It was likely a matter of simple luck that Jakes had escaped Tyler's attack on Wyngate Castle, the opulent redoubt that George Sterling had built with his movie-industry millions. If not for a secret passage Jakes had added to the estate, he, Wells, and Kuroda would likely be dead.
They were now the last three agents of the Marked. They alone remained to save their future from Collier and his quasi-religious promicin movement.
As his bonds fell away, Jakes stood. "That's better," he said. Kuroda handed him his clothes. He dressed quickly, then walked toward the exit. Wells and Kuroda followed him. "I wired what's left of Sterling's fortune to the Caymans with the rest of our assets," Jakes said. "We can use that as startup capital."
Kuroda picked up her briefcase, in which she carried the new nanite-transfer device. "I still don't see how we're supposed to do anything posing as these nobodies," she said.
"Impersonating people in high places worked for as long as it could," Jakes said. "Now we have to lie low."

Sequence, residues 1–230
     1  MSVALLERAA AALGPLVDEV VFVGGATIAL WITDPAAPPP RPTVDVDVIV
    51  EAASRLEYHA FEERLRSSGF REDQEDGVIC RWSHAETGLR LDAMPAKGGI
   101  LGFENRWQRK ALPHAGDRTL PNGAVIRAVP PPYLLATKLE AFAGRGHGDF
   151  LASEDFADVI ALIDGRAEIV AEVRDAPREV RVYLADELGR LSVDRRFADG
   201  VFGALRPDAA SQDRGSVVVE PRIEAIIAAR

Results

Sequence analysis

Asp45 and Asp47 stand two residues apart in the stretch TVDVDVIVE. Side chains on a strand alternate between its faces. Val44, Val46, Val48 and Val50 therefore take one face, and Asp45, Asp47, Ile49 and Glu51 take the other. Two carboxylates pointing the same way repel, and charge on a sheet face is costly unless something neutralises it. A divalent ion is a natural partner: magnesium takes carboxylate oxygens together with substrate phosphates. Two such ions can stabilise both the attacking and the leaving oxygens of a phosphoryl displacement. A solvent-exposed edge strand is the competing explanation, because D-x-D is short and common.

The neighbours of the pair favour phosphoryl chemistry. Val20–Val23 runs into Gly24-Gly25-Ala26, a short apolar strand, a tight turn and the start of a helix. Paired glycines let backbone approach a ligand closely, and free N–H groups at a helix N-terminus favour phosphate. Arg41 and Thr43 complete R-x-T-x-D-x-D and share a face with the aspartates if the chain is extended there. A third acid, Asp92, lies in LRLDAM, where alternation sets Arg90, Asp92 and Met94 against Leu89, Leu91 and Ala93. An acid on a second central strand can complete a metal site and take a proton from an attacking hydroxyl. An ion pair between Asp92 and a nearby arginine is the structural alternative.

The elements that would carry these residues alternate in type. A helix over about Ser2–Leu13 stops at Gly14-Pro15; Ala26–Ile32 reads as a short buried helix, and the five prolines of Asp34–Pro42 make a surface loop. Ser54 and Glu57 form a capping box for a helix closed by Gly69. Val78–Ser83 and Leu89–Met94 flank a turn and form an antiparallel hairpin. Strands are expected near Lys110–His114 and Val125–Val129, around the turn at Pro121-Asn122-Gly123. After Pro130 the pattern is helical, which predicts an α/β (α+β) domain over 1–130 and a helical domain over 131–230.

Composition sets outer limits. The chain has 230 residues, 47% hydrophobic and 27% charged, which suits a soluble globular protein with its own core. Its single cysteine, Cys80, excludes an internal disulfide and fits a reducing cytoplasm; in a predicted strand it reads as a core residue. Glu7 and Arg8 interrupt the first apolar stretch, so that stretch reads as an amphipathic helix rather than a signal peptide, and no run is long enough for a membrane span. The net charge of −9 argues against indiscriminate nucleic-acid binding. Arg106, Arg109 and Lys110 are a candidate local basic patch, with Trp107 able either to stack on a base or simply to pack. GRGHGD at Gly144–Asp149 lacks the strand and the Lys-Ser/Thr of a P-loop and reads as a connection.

Wells was dismayed. "How does that help us? We've already missed our window of opportunity against Collier."
"Maybe," Jakes said. "Maybe not." He opened the door to the dimly lit stairwell, where the air was hot and stuffy compared to the cool confines of the subbasement. "That's why we have to make a new friend one who wants to stop him as much as we do."
Over their trudging footfalls, Kuroda said, "You've already made contact with this 'new friend,' haven't you?"
"Yes, I have," Jakes said. Even though his new body was relatively young and physically fit, the heat in the stairwell had rivulets of sweat running down his back as he climbed one switchback flight after another, back to the main floor.
Laboring up the steps behind him, Wells protested, "It's still too late. The date for the calamity came and went."
"I know," Jakes said. Pushing open the door to the ground level of the hotel under construction, he squinted against the glare of the late-afternoon sun. Wind like a gust from a furnace whipped his brown hair from his face. "But all that means is that Collier prevented the disaster he knew about." He permitted himself a malevolent smirk. "It's time to give him one he won't see coming."